This lesson introduces students to mechanical energy as potential and kinetic. Students have been exposed to the idea of mechanical energy in the previous lessons about Forms of Energy. This lesson addresses the foundational principles of MS-PS3-5, in that students need to know what potential and kinetic energy are in order to identify the energy transfers between them.
For the first part of this lesson, students recall what mechanical energy is (energy or motion or position) and provide an example. They will write the answer to this question in their student notes sheet or in their notebooks.
After 3-4 minutes, I choose one student to share their answer to the whole class. I write it on the whiteboard as a reminder.
Now, I ask the students to imagine what would happen if I were to drop a raw egg onto the classroom floor. Why? (I am holding a raw egg in my hands while asking this question. Later, I will drop it.) Students write their responses in their notes sheet.
I am looking for students to identify that the egg will, indeed, fall and break because of gravity and because the shell isn't strong enough to withstand the pressure of falling.
After about 4 minutes, I ask a few students to read their responses aloud to the whole class.
Sample Responses (for an explanation on why this works, see reflection below)
After hearing the responses, I drop the egg into a plasticware container on the desk. It cracks. Now, we have a discussion about their predictions. Were they correct? (Most of the time, yes.)
I ask the following questions aloud, telling students I want them to think quietly to themselves:
What force pulled the egg to the ground? (Gravity)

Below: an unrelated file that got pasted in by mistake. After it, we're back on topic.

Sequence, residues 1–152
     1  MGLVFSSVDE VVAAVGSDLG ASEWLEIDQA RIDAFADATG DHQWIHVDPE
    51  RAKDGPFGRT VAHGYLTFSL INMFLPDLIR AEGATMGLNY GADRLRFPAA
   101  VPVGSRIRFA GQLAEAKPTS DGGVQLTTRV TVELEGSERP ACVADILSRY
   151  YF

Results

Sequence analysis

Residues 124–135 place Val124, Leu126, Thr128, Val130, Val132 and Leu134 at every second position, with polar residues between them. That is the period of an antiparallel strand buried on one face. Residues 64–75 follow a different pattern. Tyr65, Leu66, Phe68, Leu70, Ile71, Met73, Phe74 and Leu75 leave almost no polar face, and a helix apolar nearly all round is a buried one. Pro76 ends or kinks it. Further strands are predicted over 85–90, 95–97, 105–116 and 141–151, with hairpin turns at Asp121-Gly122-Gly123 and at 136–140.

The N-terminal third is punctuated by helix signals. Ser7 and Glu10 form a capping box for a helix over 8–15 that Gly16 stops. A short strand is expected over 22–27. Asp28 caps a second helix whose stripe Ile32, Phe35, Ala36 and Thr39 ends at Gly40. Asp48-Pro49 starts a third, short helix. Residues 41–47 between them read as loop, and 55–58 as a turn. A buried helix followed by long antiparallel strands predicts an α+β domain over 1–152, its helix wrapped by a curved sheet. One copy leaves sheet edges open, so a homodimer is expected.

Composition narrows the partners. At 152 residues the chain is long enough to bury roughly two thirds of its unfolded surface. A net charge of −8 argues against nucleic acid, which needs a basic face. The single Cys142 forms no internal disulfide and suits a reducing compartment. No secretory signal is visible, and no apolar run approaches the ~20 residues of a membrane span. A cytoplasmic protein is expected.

What kind of energy does the egg have? (Mechanical)
Where did the egg get the energy to fall? (From my hand moving it upwards.)
After we discuss these questions, I draw the egg scenario on the whiteboard, labeling where it has potential energy and where it has kinetic.
I ask the students to define the words "potential, kinetic, gravity and mass" in their notes sheet using the diagram and what they know about mechanical energy to help them.
After about 6-7 minutes, we share our responses as a class and make sure they're correctly written in our notebooks.
Now students look at 5 different picture examples of mechanical energy and decide if each one is an example of potential or kinetic energy and provide justification for their choice.
They should notice how some images appear to be moving (kinetic energy) and some appear to be stationary (potential).
The Elaborate Student Sample seen here shows that the student identifies kinetic energy with something that's moving. This is acceptable for this lesson, as they are understanding that something with potential could move, but isn't.
Students reflect on what they've learned in this lesson by answering the following question in their notes sheet:
Explain what happened when I dropped the egg on the floor in terms of kinetic and potential energy.
Here, I am looking for an explanation that includes when the egg had potential energy (when I was holding it, before I dropped it), when the egg had kinetic energy (when I released it from my hand) and what caused it to fall (gravity) and where the energy to fall came from (my hand pulling it up to the release point).